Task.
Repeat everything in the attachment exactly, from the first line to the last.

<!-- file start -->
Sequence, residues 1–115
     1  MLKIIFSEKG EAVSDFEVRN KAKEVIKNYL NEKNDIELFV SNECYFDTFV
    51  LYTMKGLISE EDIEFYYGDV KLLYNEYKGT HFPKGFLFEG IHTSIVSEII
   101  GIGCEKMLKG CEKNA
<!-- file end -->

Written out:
Sequence, residues 1–115
     1  MLKIIFSEKG EAVSDFEVRN KAKEVIKNYL NEKNDIELFV SNECYFDTFV
    51  LYTMKGLISE EDIEFYYGDV KLLYNEYKGT HFPKGFLFEG IHTSIVSEII
   101  GIGCEKMLKG CEKNA